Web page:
EATING DISORDERS: BINGE EATING DISORDER
An illness that resembles bulimia nervosa is binge eating disorder. Like bulimia, the disorder is characterized by episodes of uncontrolled eating or binging. However, binge eating disorder differs from bulimia because its sufferers do not purge their bodies of excess food.
Individuals with binge eating disorder feel that they lose control of themselves when eating. They eat large quantities of food and do not stop until they are uncomfortably full. Usually, they have more difficulty losing weight and keeping it off than do people with other serious weight problems. Most people with the disorder are obese and have a history of weight fluctuations. Binge eating disorder is found in about 2 percent on the general population -- more often in women than men. Recent research shows that binge eating disorder occurs in about 30 percent of people participating in medically supervised weight control programs.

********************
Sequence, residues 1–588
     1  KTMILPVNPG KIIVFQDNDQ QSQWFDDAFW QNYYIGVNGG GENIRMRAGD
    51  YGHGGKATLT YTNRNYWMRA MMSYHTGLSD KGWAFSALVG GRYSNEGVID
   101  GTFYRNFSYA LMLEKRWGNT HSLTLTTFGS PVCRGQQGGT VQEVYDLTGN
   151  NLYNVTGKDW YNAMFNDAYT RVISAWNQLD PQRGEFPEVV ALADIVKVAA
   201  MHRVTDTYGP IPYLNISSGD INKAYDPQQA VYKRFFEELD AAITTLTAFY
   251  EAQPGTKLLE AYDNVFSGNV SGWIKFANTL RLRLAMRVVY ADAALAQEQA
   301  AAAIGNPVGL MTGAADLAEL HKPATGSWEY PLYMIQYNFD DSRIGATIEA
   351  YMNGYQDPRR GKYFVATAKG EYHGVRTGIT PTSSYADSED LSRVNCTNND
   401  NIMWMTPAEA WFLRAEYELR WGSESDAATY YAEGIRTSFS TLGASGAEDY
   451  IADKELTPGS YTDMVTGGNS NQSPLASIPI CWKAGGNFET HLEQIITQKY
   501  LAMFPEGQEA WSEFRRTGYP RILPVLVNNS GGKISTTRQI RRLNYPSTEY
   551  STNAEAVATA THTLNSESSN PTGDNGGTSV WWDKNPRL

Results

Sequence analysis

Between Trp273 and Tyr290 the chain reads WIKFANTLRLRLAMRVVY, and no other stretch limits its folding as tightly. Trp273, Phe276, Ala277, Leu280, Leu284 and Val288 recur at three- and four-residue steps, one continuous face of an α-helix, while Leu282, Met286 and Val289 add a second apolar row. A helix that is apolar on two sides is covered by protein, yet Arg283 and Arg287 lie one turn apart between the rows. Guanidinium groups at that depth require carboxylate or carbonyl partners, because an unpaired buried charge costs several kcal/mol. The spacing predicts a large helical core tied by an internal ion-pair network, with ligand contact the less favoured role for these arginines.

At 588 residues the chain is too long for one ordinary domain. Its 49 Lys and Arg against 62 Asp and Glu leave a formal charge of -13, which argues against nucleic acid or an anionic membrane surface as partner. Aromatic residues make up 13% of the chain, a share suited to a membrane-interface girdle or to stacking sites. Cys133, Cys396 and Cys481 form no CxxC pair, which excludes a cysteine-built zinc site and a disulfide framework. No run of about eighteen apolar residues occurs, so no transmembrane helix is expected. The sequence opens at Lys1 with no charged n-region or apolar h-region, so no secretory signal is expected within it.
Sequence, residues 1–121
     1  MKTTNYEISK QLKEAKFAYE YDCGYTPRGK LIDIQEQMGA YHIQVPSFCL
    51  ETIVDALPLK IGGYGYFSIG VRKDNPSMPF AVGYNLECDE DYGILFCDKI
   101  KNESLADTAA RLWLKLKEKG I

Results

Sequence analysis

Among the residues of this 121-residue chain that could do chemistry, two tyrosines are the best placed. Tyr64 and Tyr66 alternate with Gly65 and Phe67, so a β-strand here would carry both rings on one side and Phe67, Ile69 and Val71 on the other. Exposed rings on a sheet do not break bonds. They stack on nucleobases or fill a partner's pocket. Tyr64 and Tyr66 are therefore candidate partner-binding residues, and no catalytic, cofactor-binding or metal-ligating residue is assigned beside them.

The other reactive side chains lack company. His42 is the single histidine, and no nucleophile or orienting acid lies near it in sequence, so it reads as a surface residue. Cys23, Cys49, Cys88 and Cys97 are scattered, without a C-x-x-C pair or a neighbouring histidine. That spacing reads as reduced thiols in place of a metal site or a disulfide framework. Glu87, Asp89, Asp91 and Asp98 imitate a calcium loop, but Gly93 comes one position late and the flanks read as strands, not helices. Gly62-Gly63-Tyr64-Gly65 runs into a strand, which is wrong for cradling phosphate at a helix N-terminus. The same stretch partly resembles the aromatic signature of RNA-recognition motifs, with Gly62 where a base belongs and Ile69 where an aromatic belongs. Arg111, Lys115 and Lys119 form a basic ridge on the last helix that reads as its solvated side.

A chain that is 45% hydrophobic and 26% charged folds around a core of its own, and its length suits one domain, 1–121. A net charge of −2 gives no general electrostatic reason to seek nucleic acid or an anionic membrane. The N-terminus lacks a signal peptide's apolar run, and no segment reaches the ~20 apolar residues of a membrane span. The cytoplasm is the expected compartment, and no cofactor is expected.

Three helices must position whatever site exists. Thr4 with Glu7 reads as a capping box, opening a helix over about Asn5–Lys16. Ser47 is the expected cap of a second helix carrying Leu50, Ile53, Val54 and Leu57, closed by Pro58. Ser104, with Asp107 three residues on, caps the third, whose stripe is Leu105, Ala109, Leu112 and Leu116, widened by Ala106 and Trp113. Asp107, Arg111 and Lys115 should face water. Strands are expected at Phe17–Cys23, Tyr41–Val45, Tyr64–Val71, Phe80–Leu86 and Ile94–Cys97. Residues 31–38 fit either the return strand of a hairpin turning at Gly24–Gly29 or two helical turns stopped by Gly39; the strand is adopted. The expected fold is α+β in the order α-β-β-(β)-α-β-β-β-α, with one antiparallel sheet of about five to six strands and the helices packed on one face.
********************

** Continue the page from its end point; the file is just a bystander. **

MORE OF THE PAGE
Written by Lee Hoffman, Office of Scientific Information (OSI), National Institute of Mental Health (NIMH). An earlier version was prepared by OSI staff member Marilyn Sargent.
Scientific review was provided by NIMH staff Susan J. Blumenthal, M.D.; Harold Goldstein, Ph.D.; Harry E. Gwirtsman, M.D.; and Susan Z. Yanovski, M.D.
U.S. Department of Health and Human Services
National Institutes of Health
NIH Publication No. 94-3477 Printed 1993
We make every effort to present accurate information, but you may find errors or mischievous material.
Copyright 1994 - 2008
Pioneer Development Resources, Inc.
All rights reserved.